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Upgrade your learning + an example study plan for data structures and algorithms

codebalance profile image Kat ๐Ÿ†๐Ÿพ ใƒป4 min read

Being an engineer means embracing lifelong learning. That's why taking a closer look at your learning methods and taking steps to improve them can help you become a better engineer.

The following is a summary of techniques that can help you master the material you're studying in a shorter amount of time - taken from the course Learning How To Learn on Coursera. I do highly recommend the (free!) course to get a better understanding of the concepts and how they fit together.

Scroll down to get an example of how to apply those techniques to studying data structures and algorithms.

The path from novice to expert

๐Ÿ™‡๐Ÿปโ€โ™€๏ธ๐ŸŽฎ๐Ÿ™‡๐Ÿปโ€โ™€๏ธ๐Ÿƒ๐Ÿปโ€โ™€๏ธ๐Ÿ™‡๐Ÿปโ€โ™€๏ธ Understanding material: Alternate between focused & diffuse mode

Switch between focusing on the material you're learning (focused mode) and taking breaks where you focus on something else or where your mind gets to wander around (diffuse mode, e.g. going on a walk/run, cooking, playing, relaxing, taking a nap, etc.)

โ—๏ธAlternating between focused mode & diffuse mode thinking is crucial for understanding difficult material.
โ—๏ธYou can use the Pomodoro technique to help you alternate between focusing on the material, and taking regular breaks.

๐Ÿ’พ Remembering material: Commit material into your Long Term Memory (LTM)

Once you understand the material, you have to commit it to your LTM to achieve true mastery.

Procrastination

Committing material from your Short Term Memory (STM) into your Long Term Memory (LTM) takes time, which is why tackling procrastination is of the highest priority. Overcome procrastination by focusing on process vs. product (e.g. by using the Pomodoro technique).

Methods to commit material into your LTM

โŒ Just wanting to learn the material and spending a lot of time with it doesn't guarantee that you'll learn it.

โ—๏ธAvoid the illusion of competence by using the following techniques:

  • Time
    • Be aware that saving something in your LTM will take time. Be patient with yourself.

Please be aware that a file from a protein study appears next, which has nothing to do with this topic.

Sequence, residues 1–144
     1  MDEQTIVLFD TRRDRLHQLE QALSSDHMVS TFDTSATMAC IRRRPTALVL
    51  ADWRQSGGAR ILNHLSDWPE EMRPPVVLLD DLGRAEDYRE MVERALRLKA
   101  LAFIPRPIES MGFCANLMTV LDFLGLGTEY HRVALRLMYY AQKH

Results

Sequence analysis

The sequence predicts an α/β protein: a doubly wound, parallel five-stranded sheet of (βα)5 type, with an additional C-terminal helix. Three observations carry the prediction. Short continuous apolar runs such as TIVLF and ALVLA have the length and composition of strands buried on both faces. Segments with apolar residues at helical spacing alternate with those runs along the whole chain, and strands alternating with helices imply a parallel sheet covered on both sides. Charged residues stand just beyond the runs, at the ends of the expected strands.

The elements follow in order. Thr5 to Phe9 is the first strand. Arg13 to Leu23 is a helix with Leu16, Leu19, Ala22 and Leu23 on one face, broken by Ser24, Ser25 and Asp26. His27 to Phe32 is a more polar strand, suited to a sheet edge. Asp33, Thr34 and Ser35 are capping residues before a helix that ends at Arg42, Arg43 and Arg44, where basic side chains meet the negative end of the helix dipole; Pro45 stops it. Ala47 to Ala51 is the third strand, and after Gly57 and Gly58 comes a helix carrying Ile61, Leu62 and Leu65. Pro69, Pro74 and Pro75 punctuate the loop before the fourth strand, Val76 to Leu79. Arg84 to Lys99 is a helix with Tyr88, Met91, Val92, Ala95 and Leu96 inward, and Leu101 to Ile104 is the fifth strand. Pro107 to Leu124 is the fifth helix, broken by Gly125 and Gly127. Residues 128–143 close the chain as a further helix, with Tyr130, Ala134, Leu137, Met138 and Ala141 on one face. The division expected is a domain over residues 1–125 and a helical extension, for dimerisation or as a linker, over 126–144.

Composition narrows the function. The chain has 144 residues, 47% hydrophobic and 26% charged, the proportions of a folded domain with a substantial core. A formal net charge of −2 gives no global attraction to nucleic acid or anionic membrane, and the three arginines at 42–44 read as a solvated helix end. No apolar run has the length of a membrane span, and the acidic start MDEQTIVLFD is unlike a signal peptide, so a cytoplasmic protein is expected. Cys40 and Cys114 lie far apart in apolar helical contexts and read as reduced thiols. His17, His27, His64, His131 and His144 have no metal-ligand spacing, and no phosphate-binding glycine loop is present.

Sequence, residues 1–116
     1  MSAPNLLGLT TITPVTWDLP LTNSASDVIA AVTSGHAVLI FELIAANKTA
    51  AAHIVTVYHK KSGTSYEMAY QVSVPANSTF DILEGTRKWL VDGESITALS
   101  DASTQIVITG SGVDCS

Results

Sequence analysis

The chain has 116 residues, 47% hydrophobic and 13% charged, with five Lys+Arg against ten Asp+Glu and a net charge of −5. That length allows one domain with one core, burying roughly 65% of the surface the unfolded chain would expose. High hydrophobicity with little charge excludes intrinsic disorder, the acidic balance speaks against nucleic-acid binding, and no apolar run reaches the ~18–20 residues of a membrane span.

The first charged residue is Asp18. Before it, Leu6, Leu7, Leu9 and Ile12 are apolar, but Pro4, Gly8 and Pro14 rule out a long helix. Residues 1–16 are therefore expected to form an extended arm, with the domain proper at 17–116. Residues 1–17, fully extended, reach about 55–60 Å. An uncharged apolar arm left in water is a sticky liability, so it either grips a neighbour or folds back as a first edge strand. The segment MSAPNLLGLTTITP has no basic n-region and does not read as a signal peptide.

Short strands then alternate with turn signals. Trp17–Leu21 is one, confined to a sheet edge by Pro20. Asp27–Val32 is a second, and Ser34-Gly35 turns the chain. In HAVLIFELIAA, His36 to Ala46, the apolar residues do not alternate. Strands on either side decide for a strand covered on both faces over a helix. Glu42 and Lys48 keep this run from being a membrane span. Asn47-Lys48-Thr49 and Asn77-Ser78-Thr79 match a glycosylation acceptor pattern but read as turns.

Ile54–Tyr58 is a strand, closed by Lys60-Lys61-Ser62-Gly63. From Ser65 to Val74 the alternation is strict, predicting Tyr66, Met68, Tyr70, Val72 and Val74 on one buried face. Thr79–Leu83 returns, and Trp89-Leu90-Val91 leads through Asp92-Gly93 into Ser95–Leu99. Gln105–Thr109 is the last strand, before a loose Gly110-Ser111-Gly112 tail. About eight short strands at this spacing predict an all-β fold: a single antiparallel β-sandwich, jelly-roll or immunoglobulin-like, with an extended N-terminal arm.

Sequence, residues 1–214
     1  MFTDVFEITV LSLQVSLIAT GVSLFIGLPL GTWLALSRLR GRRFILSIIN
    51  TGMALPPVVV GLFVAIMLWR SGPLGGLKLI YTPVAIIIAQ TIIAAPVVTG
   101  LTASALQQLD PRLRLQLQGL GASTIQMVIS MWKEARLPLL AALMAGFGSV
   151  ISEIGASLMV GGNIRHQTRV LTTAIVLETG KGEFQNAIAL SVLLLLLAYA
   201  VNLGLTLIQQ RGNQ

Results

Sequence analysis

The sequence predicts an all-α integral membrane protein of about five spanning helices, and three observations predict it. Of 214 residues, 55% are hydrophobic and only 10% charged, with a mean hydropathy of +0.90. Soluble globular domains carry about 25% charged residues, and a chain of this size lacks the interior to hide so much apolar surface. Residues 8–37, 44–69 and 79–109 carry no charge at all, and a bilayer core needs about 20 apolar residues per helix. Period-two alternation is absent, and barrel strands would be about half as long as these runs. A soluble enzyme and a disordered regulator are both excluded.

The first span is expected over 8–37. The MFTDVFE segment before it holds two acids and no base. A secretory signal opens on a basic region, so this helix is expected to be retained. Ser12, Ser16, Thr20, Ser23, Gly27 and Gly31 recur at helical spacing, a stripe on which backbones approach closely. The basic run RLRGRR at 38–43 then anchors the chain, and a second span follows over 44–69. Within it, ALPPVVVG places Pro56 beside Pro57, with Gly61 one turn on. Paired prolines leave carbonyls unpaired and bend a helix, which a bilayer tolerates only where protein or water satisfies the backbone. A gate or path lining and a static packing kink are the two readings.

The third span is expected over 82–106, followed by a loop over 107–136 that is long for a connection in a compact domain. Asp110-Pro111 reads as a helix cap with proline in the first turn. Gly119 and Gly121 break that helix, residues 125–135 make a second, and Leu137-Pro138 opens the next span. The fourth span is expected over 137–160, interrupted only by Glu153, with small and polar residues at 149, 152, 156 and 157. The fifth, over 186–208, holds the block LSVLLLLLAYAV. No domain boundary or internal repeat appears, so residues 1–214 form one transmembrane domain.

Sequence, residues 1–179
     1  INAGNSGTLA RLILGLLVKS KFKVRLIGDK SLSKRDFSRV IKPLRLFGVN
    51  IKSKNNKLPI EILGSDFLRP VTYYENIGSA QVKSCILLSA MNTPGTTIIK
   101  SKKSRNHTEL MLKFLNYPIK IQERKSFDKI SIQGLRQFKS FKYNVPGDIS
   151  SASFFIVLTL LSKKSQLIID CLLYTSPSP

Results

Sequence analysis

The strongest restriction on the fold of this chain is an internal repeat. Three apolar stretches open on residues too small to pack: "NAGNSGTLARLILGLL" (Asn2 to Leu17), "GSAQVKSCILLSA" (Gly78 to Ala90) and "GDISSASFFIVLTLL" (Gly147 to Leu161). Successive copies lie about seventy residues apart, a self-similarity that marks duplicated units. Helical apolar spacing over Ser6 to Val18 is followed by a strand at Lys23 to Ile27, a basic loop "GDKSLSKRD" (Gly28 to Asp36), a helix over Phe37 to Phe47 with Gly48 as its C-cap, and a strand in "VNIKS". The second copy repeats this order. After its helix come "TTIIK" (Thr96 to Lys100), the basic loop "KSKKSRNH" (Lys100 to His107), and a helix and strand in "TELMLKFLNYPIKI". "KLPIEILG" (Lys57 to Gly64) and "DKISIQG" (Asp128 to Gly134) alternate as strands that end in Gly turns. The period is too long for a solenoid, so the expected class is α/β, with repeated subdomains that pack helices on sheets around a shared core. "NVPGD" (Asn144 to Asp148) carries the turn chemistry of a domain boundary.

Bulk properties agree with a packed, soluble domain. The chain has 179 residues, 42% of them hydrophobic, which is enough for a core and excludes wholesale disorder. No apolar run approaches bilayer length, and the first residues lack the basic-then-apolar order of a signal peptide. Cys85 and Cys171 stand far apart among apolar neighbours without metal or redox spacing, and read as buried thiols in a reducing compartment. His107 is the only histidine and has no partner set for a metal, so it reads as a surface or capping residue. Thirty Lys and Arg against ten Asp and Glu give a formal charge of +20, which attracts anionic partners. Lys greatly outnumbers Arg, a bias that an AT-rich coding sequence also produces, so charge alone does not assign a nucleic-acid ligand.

• Deliberate practice
    • Deliberately choose to practice what you find most difficult to grasp until it clicks and sticks.
  • Spaced repetition
    • You need to repeat the material spaced over days and weeks for it to get safely stored in your LTM.
  • Recalling
    • Avoid the illusion of competence by continuously testing yourself on the material you're learning.
    • Close your book and try to remember what you just learned.
    • Practice recalling in various locations to be able to access the material no matter where you are.
    • Try to recall the material one more time right before going to bed.
  • Sleep
    • Does not only make you more beautiful but also flushes out toxins from your brain and strengthens the neural pathways you create when you learn something new.
  • Tap into your visual memory system & senses
    • Your visual memory system is extremely powerful and can be used to save knowledge in your LTM in a shorter amount of time.
    • Make a metaphor/visual image for the concept you're learning.
    • Use the memory palace technique to place the image into an imagined space/house/village.
    • Try to use your senses to memorize it if possible (vision, smell, touch, hearing, smelling).

๐Ÿ”—๐ŸŽจ Increase your knowledge base & apply it creatively

  • Create chunks:
    • Start small with mini-chunks, little by little.
    • Connect the mini-chunks into more complex, bigger chunks through practice & repetition, and by using big-picture thinking.
  • Interleaving
    • Use interleaving to learn when you should use a certain technique/concept and to enhance creative thinking.

Example Study Plan: Datastructures and Algorithms

โ—๏ธAt all times:

  • Alternate between focused mode & diffuse mode.